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As Obama leaves for Asia, GOP gains first lead on generic congressional ballot since he took office

November 12, 2009 |  3:34 am

Bareack Obama aboard Air Force One in his official presidential jacket

Time was when American presidents in domestic trouble would travel abroad to be seen positively back home as a world leader.

Then-freshman Sen. Barack Obama was hoping for a little of that back in the summer of 2008 when he staged his expensive campaign rally with an adoring throng in downtown Berlin. Alas, Germans couldn't vote for him -- or a Republican. But it looked great stateside for a few days.

After a brief media statement this morning to get him plastered on the daytime news, President Obama will make the long flight (just ask Sarah Palin) to Alaska to talk with U.S. troops at Elmendorf Air Force Base at local lunchtime while Air Force One refuels for a flight to Tokyo, beginning the president's nine-day trip across Asia. Talk about throngs.

Obama could use some good political news because as he boards the plane with his own bedroom and shower stall, word spread from the Gallup Poll folks that for the first time in over a year, more Americans say they would pick Republicans on a generic congressional ballot than a Democrat.

It's now 48% Republican and 44% Democrat. And this comes after months of the ...

... Republican suits, whom Democrat critics label as the party of no, being in the poll dumpster along with their recent ex-president. So, maybe no is the new yes.

According to the Rasmussen daily tracking poll, 46% approve of Obama to varying degrees. Now, 53% disapprove. 

Worse, Obama, who built his lopsided 2008 win on a new, apparently fragile coalition involving independents, now loses that crucial swing group by 22 points, according to the survey last weekend. They began falling away from Obama during the summer as the scale of his plans, spending and deficits emerged.

It's a long time -- 355 days -- until Nov. 2, 2010, of course. And the GOP still must recruit a wide array of attractive local candidates to send forth, as the Democrats did to retake Congress in 2006. But even 12 months out, such revealing trends are closely watched by professional pols -- and, importantly, their would-be donors. In fact, despite its internal disarray, the Republican Party has been out-raising its opposition in recent months.

The Democratic president faces a variety of challenges that could adversely affect his party's ability to hold its lopsided margins in both houses of Congress -- and cause D.C. Democrats to act far more cautiously on the administration's agenda in coming months, in reaction to their own perceived survival at home.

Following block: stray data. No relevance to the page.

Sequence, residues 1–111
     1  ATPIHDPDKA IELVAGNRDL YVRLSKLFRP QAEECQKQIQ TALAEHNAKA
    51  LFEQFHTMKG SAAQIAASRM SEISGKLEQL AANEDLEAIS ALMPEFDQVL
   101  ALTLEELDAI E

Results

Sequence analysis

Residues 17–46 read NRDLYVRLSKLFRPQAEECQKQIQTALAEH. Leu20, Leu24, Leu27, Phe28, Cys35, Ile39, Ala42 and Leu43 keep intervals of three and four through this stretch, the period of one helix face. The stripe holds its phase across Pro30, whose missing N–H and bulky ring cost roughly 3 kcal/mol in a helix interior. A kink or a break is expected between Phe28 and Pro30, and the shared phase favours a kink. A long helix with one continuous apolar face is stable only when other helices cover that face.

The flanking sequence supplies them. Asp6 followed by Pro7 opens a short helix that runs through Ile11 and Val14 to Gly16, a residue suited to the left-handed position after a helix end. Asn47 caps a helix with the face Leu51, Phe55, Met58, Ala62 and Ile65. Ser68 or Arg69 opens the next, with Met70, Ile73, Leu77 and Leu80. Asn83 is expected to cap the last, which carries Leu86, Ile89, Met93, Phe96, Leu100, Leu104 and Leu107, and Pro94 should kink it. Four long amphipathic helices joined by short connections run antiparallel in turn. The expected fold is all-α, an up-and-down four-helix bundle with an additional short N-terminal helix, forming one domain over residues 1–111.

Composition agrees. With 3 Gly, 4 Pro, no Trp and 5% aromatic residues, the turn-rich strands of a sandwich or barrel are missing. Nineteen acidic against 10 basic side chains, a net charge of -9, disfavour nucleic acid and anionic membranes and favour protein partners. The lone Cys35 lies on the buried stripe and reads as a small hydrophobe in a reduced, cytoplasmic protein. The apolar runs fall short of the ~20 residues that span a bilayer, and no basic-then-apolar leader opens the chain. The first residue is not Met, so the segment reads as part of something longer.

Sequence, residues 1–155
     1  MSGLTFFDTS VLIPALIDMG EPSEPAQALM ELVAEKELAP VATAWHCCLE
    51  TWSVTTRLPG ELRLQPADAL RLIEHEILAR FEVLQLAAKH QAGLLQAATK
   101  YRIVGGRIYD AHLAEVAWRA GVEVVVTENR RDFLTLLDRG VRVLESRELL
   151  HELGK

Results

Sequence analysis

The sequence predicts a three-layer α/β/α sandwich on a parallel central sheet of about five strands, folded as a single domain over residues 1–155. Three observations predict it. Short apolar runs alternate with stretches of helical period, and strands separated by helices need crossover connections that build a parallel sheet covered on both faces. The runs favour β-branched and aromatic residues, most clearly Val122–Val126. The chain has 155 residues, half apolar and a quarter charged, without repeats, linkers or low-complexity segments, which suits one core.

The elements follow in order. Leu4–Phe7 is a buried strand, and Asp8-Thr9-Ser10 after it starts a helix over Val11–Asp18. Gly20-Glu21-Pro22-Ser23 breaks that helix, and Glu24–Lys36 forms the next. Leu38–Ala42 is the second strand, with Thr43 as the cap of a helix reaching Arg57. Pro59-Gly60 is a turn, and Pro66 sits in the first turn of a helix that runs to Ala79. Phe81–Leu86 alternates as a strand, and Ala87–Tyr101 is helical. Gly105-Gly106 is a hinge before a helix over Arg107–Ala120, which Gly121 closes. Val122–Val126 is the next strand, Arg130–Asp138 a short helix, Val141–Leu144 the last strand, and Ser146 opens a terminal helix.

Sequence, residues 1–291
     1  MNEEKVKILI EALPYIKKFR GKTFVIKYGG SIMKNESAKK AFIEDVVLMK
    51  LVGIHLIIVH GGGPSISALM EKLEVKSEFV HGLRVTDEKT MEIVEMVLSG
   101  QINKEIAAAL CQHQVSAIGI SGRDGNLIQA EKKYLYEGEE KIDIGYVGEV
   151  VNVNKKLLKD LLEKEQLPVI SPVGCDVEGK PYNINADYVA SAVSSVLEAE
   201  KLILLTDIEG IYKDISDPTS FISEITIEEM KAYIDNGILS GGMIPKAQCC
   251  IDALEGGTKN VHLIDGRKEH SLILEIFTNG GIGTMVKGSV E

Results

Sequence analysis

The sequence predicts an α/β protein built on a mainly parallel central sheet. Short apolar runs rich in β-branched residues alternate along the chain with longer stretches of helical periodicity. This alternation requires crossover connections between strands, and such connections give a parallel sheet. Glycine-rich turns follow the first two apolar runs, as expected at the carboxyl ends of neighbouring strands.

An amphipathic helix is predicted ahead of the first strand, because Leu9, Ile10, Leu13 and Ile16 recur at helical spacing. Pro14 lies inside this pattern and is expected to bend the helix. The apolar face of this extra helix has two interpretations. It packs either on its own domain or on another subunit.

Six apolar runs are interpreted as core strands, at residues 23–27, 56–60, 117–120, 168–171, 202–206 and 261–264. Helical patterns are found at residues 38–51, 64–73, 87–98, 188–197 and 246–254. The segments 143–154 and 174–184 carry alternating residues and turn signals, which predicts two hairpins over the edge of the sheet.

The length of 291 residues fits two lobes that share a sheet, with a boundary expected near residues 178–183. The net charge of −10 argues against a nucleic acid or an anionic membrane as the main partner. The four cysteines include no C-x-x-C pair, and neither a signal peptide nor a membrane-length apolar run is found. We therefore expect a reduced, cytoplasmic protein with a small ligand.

Democrats Barack Obama Harry Reid Nancy Pelosi

Even before these new polls, Speaker Nancy Pelosi lost 39 Democratic House members on Saturday's healthcare vote, 220-215. If only three others had changed their mind, she would not be trying so hard to smile. (see photo at left)

These Obama problems include but, as even Harvard-trained lawyers insist on inserting, are not limited to:

A double-digit unemployment rate (10.2%) not expected to improve a lot for many months; an immense budget deficit, also growing; finishing the divisive struggle for healthcare legislation now slated to cost $1.2 trillion (T, as in Toledo, holy Toledo!); a smoldering Afghan war in which casualties are the highest ever and to which Obama appears ready to commit additional U.S. troops, to the unhappiness of his own party's left; a potential H1N1 swine flu pandemic as federal deliveries of vaccine lag far behind schedule; and an historical political pattern that sees the White House lose Hill seats in every new president's first midterm vote except twice -- FDR in 1934 and GWB in 2004.

Gallup found that 38% of voters said they'd advise their member of Congress to vote no on healthcare now; 29% said they'd urge a yes vote. And fully 44% of independents would push for a nay.

Majority Leader Harry Reid of Nevada (also in photo above), who has his own poll troubles back home as he faces a reelection contest in 2010, has scheduled debate to begin on the Senate's version of healthcare legislation next week. However, in what passes for democracy in action in Washington, Reid has yet to let anyone read the massive draft bill.

Finally, the closely watched most recent Rasmussen Reports daily presidential tracking poll finds that about 30% of Americans strongly approve of Obama's job performance.

However, about 40% now strongly disapprove.

Sometimes it's good to get away.

 -- Andrew Malcolm

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Photos: Obama aboard Air Force One. Credit: White House; MSNBC